[dojo-contributors] Module formats for the browser

Bill Keese bill at dojotoolkit.org
Fri Mar 26 03:43:59 EDT 2010

And what does "sad panda" mean anyway?

On 3/26/10 4:28 PM, Eugene Lazutkin wrote:
> Heh. I read the CommonJS group daily and work with CommonJS code on a
> daily basis. This is my impressions of the group:
> 1) They are kind of going in circles starting from full denial of
> asynchronous module loading and coming back to it after several months.
> 2) There are some mysterious "specs" --- nobody knows who writes them,
> how to write them, nobody votes on them, yet they are a major point of
> reference.
> 3) Some "reference" code is produced for "specs", yet usually it goes
> far beyond the "spec" making the "reference" code idea completely moot.
> 4) Still the ground is shaky even with "specs" and "reference" code. For
> example, ".then()" has to go from Promises now 8-0:
> http://groups.google.com/group/commonjs/msg/85cd98cc9748bfa4 --- let me
> remind you that our Deferred/Promise hybrid is scheduled to be released
> with 1.5 beta in less than 2 weeks.
> 5) Any kind of "reference" code is extremely wordy and is measured in
> hundreds of lines --- who cares when you load this code locally in the
> server? If you want to use it in a browser especially on a mobile
> platform --- tough.
> 6) And of course there is a guy, who is an "expert" on everything
> CommonJS, who makes final proclamations frequently using a language you
> cannot understand without a non-free subscription to Merriam-Webster
> Unabridged, and even after you got all 15 meanings of his word, it is
> still unclear what he tried to say. Oh well. ;-)
> 7) In general the browser is not appreciated. The group pooh-pooh
> realities of life that:
> a) We (Dojo as well as any major JS client-side library) have much more
> active users then all ServerJS platforms combined, and we cannot change
> everything in one day without infuriating and alienating our users.
> b) Our technical realities (asynchronous loading, expensive roundtrips,
> expensive loading).
> c) Our development culture (no servers without deep technical reasons,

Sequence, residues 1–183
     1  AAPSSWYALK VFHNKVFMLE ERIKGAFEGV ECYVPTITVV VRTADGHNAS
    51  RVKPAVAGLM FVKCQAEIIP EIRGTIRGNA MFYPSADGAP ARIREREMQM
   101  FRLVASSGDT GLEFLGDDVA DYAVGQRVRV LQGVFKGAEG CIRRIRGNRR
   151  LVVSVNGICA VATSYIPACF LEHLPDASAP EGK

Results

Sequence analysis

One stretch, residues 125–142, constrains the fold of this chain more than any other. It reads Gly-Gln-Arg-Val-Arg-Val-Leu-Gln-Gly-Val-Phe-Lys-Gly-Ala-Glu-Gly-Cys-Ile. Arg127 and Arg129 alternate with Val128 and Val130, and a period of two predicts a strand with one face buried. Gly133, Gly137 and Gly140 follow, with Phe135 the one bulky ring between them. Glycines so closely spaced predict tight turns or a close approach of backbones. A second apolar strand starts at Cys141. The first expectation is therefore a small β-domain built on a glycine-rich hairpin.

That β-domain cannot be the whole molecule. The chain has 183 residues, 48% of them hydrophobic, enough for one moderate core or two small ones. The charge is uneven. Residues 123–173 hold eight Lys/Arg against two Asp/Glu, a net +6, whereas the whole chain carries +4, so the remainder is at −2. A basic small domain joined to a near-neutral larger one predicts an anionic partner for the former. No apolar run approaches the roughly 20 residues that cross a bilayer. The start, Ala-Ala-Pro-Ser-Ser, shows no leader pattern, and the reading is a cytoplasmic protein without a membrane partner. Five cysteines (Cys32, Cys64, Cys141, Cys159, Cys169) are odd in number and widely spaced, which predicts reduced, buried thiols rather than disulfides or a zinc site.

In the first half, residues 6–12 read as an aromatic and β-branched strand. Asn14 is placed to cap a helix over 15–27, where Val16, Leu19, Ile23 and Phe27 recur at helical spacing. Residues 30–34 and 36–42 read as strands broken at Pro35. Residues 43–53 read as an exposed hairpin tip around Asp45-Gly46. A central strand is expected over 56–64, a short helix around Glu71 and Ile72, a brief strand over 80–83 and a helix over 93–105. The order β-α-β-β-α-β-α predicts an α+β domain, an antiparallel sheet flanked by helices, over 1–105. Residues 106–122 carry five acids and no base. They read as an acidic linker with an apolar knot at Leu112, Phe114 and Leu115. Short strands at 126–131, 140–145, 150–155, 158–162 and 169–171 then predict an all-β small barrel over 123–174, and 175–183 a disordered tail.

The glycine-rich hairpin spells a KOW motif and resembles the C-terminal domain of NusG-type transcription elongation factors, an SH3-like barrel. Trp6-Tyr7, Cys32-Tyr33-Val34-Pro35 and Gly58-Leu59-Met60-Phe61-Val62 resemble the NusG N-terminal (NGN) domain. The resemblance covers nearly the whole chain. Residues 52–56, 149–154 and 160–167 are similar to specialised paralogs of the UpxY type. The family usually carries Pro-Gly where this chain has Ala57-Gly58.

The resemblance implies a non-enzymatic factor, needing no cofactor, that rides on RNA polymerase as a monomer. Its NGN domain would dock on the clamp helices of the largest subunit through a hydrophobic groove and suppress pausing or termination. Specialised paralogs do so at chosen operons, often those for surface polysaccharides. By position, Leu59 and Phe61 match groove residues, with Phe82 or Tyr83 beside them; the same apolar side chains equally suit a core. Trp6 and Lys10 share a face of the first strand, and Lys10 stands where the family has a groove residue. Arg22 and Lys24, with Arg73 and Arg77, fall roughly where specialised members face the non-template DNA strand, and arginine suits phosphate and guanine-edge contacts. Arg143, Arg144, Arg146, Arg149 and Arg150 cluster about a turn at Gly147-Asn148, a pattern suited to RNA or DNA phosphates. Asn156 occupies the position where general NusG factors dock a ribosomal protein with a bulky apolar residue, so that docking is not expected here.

> just for the heck of it). Server-side guys already have a server by
> definition, they can use it for some auxiliary needs. Client-side guys
> usually are server-agnostic, and use a wide variety of web servers and
> web applications --- the chances are we either have to provide proper
> servers for 20 different platforms, or convince to install something
> else == an extra bloat if you don't use it already. And at that point
> Windows guys come and it all becomes really complicated to
> provide/setup/support. (No, running a batch process with Rhino/1 jar
> file is not the same as setting up and managing a server on different
> platforms).
> And so on.
> 8) The whole idea of participating in the group actively seems
> counter-productive to me --- I don't see much technical arguments or
> discussions of statistically meaningful use cases, but a lot of ego
> parading, and "I got it! Let's do it my way!". Hence the result --- a
> lot of energy spent with a minimal useful outcome. But in general the
> results are improving albeit very slowly.
> Eugene Lazutkin
> http://lazutkin.com/
> On 03/26/2010 12:56 AM, James Burke wrote:
>> On Thu, Mar 25, 2010 at 8:44 PM, Ben Hockey<neonstalwart at gmail.com>  wrote:
>>> kris/james - is there anything we can do to work towards influencing
>>> CommonJS in a way that would make the modules more suitable for the
>>> browser or have they reached a critical mass in the direction they
>>> have taken?
>> I have tried participating, but I probably joined too late, and I
>> think the mindset of the people in the group are more server based.
>> And at this point I am concerned about coming off as a troll on their
>> list. I do not agree with some base assumptions that drove their
>> module spec, so it is really hard to be effective.
>> So depending on your viewpoint, if you take the three CommonJS specs,
>> the basic module one, the transport one and the require.async/ensure
>> one, you could claim that CommonJS modules work in the browser, as
>> long as you like running a server that can transform code for you. Or
>> you like extra compile steps.
>> James
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